The unfortunate thing about the current financial crisis is that it did not have to happen. While our economy has always gone through cycles, a crisis like this one cannot happen without a lot of help from a lot of people. A tremendous lack of oversight allowed Wall Street firms to run wild and take enormous amounts of risk. These same firms cultivated a self serving culture, seemingly creating products that served no purpose other than to make themselves vast amounts of money. Government regulation not only allowed the emergence of an unregulated shadow banking industry, but required financial firms to make mortgages to borrowers that had little ability to repay. People cared little about what they paid for a house because they had the mistaken belief that home prices would never go down. Leverage can be a good thing, but too much can be devastating. This is true for individuals, businesses, and the economy as a whole.

The U.S. economy has been in a recession for twelve months, but the stunning events of September, October, and November surprised almost everyone. With the near collapse of the financial sector, consumers and businesses basically stopped spending money, causing further economic contraction. With consumer sentiment readings reaching all time lows, it is clear that people are bracing for the worst. At this point it is impossible to know when this recession will end, although it seems clear that we are not as of yet out of the woods. There are those that have stated that we are headed for another 1930’s like economic depression. It is important to keep in mind that there are major differences between today’s crisis and the depression:

A lot happened during the third quarter of this year, and almost none of it was good. To recap the events of the past few weeks: A segment of our financial sector has been nationalized; we suffered the largest one day drop in the stock market since the crash of 1987; the credit market completely seized up; and investments that were rock solid a month ago have suddenly become very shaky. The rapid worsening of the financial crisis has thrown all of the capital markets into disarray and threatened to spill over into all segments of the economy. We will discuss the scope of the problem and what we think should be done about it, as well as what we think investors should do and not do in response to these extraordinary events.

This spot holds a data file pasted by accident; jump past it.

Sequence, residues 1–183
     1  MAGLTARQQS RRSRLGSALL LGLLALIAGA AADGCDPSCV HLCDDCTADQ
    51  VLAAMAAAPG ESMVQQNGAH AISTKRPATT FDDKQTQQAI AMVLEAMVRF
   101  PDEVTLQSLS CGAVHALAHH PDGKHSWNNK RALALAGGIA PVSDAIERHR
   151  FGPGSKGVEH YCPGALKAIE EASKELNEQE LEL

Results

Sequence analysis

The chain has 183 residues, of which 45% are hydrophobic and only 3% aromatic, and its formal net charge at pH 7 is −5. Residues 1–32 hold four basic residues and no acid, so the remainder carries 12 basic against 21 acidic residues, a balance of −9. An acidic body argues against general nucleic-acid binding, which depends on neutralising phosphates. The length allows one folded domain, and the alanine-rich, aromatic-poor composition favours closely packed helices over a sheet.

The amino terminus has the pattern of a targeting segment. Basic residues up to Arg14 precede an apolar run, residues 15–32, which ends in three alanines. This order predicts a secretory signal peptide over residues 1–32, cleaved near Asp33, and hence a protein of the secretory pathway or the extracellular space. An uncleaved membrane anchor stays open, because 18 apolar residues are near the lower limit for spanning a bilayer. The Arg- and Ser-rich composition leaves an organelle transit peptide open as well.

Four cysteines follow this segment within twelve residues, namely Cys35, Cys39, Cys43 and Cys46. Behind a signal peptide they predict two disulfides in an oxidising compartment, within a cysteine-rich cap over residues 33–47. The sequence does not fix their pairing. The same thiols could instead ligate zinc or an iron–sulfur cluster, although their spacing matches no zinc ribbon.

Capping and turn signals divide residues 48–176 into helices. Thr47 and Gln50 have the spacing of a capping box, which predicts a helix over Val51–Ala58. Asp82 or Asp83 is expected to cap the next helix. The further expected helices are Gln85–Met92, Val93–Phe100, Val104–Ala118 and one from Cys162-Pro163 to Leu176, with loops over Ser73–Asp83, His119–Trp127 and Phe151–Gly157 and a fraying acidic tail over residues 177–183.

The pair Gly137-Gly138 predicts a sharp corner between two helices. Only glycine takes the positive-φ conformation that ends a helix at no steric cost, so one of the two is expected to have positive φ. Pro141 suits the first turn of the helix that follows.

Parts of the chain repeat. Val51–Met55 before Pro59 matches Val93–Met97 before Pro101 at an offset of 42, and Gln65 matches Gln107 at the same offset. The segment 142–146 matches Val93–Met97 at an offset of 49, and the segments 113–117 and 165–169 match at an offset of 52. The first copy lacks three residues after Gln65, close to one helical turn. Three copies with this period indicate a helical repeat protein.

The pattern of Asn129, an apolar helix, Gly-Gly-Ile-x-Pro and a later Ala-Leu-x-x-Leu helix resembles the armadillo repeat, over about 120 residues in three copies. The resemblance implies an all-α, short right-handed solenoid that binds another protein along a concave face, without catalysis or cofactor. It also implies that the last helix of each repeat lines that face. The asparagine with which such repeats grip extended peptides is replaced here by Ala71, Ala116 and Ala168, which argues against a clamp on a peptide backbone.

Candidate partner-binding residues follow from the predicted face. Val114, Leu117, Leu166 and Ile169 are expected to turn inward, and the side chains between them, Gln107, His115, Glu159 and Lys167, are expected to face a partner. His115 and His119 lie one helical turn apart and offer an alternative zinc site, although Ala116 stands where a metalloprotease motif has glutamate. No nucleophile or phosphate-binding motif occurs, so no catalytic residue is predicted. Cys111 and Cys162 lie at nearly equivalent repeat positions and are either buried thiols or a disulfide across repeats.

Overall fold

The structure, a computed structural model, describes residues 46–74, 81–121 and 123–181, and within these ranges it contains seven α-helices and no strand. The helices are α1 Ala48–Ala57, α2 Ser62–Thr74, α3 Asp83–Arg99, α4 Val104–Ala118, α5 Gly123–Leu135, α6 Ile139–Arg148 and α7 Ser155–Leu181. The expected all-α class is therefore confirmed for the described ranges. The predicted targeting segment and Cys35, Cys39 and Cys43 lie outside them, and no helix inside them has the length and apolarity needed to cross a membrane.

We have talked in past letters about the housing bubble and the subprime mortgage problems. It initially appeared that the problems were confined to the subprime market, but these problems quickly expanded into a full blown credit and liquidity crisis that has affected leveraged holders of all assets. This lack of liquidity and credit has led to rapid write downs in asset values and an inability to raise the necessary capital to make up the difference. This is how we can go from having well capitalized companies to bankrupt companies literally over night. We have been seeing a classic run on the bank as investors try to dump securities where there is no market, causing prices to tumble.

You need only look at two pieces of data to understand why the capital markets have struggled through the first half of this year; consumer confidence is at its lowest level since 1980; and only 17% of the American people are optimistic about the direction in which we are headed as a nation. This pessimism, driven by a number of factors, directly causes the economy to slow down and stocks to fall. The factors causing this pessimism include the following:

The price of oil and other commodities We have discussed the price of oil often over the past couple of years and it remains an issue. The high price of energy affects almost every segment of our economy in addition to making people feel poorer every time they fill up their car. Food prices and other basic materials are also rising rapidly. This type of inflation has always unnerved consumers and causes them to slow their spending in other areas. A worker making minimum wage spends almost 25% of their weekly earnings to buy one tank of gas for their car. Farmers earn more on their crops but spend huge amounts on fuel and chemicals. Nobody benefits from spiking commodity prices.